To prepare for this year’s challenge, Crum is employing his carefully curated collection of snake-catching technology.
“When it comes to the challenge, it’s guns blazing,” Crum said. “I’m trying to utilize all my equipment: little geo-trackers, four-wheelers. I’ve got swamp buggies, monster trucks with big tires on them. We outfit those with lights on and I’ll be able to access places the general public can’t get to.”
Python hunting, Crum and Siewe said, is not for the faint of heart. While pythons aren’t venomous, they are powerful — and known to bite.
“They’ve got hundreds of teeth, and when they bite you it’s like needle pricks,” Crum said. “The worst thing that can happen is when the tooth breaks off and gets stuck in you, and it gets infected.”
Siewe said she’s been bitten too many times to count. “A 14-footer bit me on my hand. I’ve been bitten on my butt, on my calf. Thankfully, I haven’t been bitten on my face.”
Like Crum, Siewe says she works to repurpose portions of the pythons she catches. “I use the leather to make Apple watch bands,” she said.
Crum and Siewe both say they’re “in it to win it” when it comes to this year’s challenge.
Neither plan on getting much sleep during the competition, as pythons are nocturnal, meaning the best time for hunting is late at night.
Still, they said, the real goal of the challenge has less to do with any individual victories they might score, and far more to do with the greater cause both say they’re fighting — and hunting — for.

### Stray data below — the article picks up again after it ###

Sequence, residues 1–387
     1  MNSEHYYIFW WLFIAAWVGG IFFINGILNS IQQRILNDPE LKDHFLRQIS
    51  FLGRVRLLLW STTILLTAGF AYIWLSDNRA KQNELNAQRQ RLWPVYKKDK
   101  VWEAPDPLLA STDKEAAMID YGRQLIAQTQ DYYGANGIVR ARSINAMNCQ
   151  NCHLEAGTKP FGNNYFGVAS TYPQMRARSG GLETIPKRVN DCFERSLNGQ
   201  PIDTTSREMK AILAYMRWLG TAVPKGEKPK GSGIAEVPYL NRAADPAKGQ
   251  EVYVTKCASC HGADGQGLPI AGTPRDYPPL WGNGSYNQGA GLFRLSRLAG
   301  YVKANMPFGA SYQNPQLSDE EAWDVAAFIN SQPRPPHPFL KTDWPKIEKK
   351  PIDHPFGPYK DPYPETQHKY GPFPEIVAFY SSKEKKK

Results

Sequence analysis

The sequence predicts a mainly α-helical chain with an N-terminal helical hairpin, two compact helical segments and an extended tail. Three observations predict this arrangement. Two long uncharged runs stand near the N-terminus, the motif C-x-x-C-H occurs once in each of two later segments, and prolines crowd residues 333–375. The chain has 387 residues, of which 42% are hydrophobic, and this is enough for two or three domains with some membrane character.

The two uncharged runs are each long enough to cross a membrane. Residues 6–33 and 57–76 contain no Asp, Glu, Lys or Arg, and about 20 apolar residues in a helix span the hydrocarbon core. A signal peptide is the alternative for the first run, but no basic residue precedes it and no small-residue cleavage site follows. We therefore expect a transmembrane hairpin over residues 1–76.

“This isn’t a trophy hunt or a sport hunt,” Crum explains. “This is an environmental hunt. It’s hunting to save our environment. It’s a special feeling when it’s man versus beast, fighting for the environment.”
No humans in the U.S. have been killed by pythons, but plenty of pets have, and wildlife officials worry pythons will destroy entire populations of Florida native species if they’re not stopped. Among the mammals in the Everglades that pythons are decimating: marsh rabbits, raccoons, foxes, deer and bobcats.
“The Burmese python is one of the largest snakes in the world, capable of reaching 20 feet long, and because of our climate the pythons are able to thrive in Florida by preying on our wildlife,” Kirkland said. “In some regions of Florida, up to 95% of fur-bearing animal populations have disappeared.”
The pythons are even eating Florida alligators.
“The pythons are generalists,” said McKayla Spencer, Florida’s Interagency python management coordinator. “They’ll eat anything.”
Pythons made their first appearance in the Everglades in the 1970s, likely a result of a pet snake being released into the wild, but the population did not explode until the 1990s.
That’s when Hurricane Andrew struck Florida, destroying, among other things, several python breeding facilities. Kirkland said there’s no definitive proof that the destruction of breeding farms is responsible for the explosion of Florida’s python population. “But it didn’t help,” he acknowledged.
There’s no official estimate of how many pythons there are in Florida, owing to their stealth nature.
“They are very hard to find,” Spencer said. “For every one python we find, there are 99 more out there.”
Increasingly, Spencer said, pythons are showing up in people’s yards and boats, as the snakes literally swallow more and more Florida territory.
That’s where human hunters come in.
“I have always had this obsessive fascination with snakes and reptiles since I was little and my dad taught me to catch fish,” Siewe said. “I thought, ‘Why isn’t this passion [for] puppies or kittens or something normal?’ It’s not — it’s snakes.”